III. An Example for Sons and Daughters
Brothers and sisters, friends, all of us are called to honor Jesus Christ as Judge and Life-giver. What does that mean? It means accepting that the words of Jesus are true, words about our true, spiritual condition; words about what we truly deserve. But it also means embracing him as our only hope of new life now, and new life forever. And all of us are called to believe that by doing this we are, in fact, honoring God the Father. This is how we pass from death to life.
But how can someone know if they have “passed from death to life”. Aren't all of us, from the outset, opponents of Jesus? Enemies of God? In one of his letters, John gives us one indication of spiritual resurrection. I John 3:14... We know that we have passed out of death into life, because we love the brothers. Whoever does not love abides in death. Friends, do you see God at work in your life in this way? If you do, it's evidence of resurrection life through the Son.
But I think our main passage also challenges us in terms of what eternal life looks like in the here and now. Remember that when Jesus talks about himself as the Son here, he's not talking about the preexistent Word who was with God the Father in the beginning. He's talking about himself as the very human “Son of Man”, who is at the same time, “the Son of God”. Why is that an important clarification? Because as such, Jesus embodies for us what it means to be perfectly human. He is fully us as we should fully be. Do you believe that?
Later in this same Gospel, Jesus would tell Mary Magdalene, “'I am ascending to my Father and your Father, to my God and your God.’” (John 20:17) The reality that the divine Son, the God-man, came to make us sons and daughters of God is confirmed all over the NT. In light of that precious truth, I think we can ask, “What does Jesus as the Son reveal in John 5 about being a son or daughter of God?” Let's finish this morning by allowing ourselves to be encouraged and instructed by three 'being a son' statements that Jesus expresses here in the 'bookends':
First, we find it in verse 19, but in the words of verse 30: “I can do nothing on my own.” A son or daughter of God makes this confession regularly. This is the humility that Jesus spoke about when he said, “Whoever humbles himself like this child is the greatest in the kingdom of heaven.” (Matthew 18:4) In one sense, this is true in every way. Even my ability to get out of bed in the morning is a result of the grace of God. But I think Jesus is speaking here about carrying out the eternal purposes of God. Is that what you believe? Is that your confession each day?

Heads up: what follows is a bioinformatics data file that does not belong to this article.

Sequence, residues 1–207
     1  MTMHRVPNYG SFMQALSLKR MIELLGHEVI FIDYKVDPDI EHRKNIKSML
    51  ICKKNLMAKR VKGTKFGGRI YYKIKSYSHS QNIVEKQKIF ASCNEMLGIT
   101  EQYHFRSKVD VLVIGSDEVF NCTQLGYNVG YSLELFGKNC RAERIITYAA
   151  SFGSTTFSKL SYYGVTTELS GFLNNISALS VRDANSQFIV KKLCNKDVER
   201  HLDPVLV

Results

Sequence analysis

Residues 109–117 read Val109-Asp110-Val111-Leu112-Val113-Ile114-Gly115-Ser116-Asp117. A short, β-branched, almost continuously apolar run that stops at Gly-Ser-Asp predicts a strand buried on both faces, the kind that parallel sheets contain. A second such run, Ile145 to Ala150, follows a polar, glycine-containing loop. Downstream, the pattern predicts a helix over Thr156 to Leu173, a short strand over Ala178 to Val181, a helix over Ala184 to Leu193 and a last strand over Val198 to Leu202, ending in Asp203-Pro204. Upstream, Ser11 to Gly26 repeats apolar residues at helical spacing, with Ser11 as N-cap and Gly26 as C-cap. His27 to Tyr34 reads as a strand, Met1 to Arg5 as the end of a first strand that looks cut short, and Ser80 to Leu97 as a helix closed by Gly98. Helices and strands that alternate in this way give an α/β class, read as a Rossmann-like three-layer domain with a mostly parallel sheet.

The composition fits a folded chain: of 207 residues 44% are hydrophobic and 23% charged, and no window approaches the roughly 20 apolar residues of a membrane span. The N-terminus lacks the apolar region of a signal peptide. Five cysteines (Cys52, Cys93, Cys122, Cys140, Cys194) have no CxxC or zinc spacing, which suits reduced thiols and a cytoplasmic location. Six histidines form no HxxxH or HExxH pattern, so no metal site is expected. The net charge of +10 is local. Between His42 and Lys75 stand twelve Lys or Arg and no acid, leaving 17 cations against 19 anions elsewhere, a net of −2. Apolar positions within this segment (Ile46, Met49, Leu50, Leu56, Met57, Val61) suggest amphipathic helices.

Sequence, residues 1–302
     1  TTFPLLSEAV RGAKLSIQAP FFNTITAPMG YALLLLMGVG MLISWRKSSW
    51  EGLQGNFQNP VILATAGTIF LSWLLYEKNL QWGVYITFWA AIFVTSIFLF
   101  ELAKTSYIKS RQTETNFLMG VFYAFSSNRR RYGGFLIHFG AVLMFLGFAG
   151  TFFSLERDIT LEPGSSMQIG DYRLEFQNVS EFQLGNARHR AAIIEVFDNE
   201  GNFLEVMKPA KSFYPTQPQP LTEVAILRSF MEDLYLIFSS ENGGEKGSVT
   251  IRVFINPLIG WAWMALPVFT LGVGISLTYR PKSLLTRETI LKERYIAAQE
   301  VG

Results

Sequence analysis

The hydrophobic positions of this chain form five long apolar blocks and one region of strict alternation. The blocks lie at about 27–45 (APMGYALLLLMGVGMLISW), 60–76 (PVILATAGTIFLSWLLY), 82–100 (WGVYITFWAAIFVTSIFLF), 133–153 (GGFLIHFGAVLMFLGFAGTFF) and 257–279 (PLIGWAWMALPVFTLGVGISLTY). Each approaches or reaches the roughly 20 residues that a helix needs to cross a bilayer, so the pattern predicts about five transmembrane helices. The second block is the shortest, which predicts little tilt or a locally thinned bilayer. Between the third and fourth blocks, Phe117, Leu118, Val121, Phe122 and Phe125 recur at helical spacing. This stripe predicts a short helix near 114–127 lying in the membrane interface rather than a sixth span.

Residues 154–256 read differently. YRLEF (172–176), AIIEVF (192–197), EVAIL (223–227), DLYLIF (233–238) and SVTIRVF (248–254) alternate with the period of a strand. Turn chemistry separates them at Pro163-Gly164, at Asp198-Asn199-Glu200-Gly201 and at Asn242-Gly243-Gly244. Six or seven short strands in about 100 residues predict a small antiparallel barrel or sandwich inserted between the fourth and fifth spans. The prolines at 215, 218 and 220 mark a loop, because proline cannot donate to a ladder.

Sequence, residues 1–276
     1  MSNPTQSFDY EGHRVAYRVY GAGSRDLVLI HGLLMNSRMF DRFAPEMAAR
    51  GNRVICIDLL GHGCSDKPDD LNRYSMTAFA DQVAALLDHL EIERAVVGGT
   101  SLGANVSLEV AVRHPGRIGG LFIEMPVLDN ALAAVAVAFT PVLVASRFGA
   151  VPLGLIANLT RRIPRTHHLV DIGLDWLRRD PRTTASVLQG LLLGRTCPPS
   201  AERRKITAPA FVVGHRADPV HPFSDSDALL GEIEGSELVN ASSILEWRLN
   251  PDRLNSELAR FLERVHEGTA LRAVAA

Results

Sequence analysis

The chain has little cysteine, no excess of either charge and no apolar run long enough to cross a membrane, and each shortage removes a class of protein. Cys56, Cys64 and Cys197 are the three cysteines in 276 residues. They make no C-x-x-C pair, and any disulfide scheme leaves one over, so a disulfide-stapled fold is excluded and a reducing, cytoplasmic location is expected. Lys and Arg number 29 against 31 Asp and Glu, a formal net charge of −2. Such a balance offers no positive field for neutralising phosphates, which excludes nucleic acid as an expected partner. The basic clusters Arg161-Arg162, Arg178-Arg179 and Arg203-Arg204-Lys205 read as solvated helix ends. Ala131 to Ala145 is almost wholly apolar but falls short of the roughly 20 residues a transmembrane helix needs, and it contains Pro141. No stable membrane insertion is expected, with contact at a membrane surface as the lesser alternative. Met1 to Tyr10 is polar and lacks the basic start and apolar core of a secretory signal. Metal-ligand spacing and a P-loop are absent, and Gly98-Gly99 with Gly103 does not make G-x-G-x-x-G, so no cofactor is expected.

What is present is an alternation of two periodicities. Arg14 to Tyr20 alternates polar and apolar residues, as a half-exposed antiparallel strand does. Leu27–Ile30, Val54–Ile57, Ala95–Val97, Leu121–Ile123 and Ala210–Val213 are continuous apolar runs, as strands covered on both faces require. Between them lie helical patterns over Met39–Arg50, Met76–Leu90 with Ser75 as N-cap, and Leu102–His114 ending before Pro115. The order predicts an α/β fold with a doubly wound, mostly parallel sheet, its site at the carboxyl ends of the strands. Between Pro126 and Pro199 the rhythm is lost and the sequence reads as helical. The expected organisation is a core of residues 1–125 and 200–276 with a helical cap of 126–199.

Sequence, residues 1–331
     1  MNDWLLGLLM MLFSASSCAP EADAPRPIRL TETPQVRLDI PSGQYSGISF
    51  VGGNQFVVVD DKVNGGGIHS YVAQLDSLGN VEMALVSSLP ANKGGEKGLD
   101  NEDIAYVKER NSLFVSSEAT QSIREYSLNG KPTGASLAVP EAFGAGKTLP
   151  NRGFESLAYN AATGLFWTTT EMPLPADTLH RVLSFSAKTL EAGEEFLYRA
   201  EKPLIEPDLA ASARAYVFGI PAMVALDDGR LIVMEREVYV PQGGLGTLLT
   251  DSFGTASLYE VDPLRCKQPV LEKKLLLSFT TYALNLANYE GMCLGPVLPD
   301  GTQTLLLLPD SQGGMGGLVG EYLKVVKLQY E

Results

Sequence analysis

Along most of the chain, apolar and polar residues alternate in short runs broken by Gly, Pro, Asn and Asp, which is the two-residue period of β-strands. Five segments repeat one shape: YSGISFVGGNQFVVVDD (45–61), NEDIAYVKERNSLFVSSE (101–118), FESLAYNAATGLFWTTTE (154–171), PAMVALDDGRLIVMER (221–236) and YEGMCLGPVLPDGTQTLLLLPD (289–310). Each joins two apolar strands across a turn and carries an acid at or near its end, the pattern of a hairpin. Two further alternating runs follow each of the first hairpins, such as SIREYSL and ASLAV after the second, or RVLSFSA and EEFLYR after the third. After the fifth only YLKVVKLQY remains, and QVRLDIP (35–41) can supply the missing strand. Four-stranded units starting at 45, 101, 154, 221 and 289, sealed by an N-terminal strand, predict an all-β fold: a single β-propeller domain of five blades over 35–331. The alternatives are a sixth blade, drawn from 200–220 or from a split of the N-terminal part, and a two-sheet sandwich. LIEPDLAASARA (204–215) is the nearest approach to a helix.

Second, from the second half of verse 19: [a son can do] “...only what he sees the Father doing.” When we recognize that we are but children, it should drive us toward Paul's charge in
Ephesians 5:1: Therefore be imitators of God, as beloved children. Each day we have a choice: be conformed to the world or be an imitator of God. Is is your desire to be like your heavenly Father? As Jesus indicates here, we can only do so when we are looking at what the Father is doing. Do you “see” what God is doing in the pages of Scripture? Do you see God at work around you, and around the world? If not, to what or to whom are we looking?
Third, back to verse 30: “I seek not my own will but the will of him who sent me.” When we are humble enough to say, “I can do nothing on my own... only what I see the Father doing”, that confession should be informed and fueled by this desire: to do, above all, what God wants. Why? Not only because He is your Father, but also because you understand that you (yes you!) have been sent to carry out the eternal purposes of God. Do you believe that? You should. Do you pray like Jesus prayed, “not my will, but your will be done”.
There were, of course, unique aspects of what Jesus confessed here in John 5 about his relationship with the Father, since he alone is THE God "the Son", "the Son of God", and the "Son of Man". But may each of us be encouraged in light of 'son-ly' example to pray for this heart, and to live from this heart; to be a daughter or son like the Son. Amen?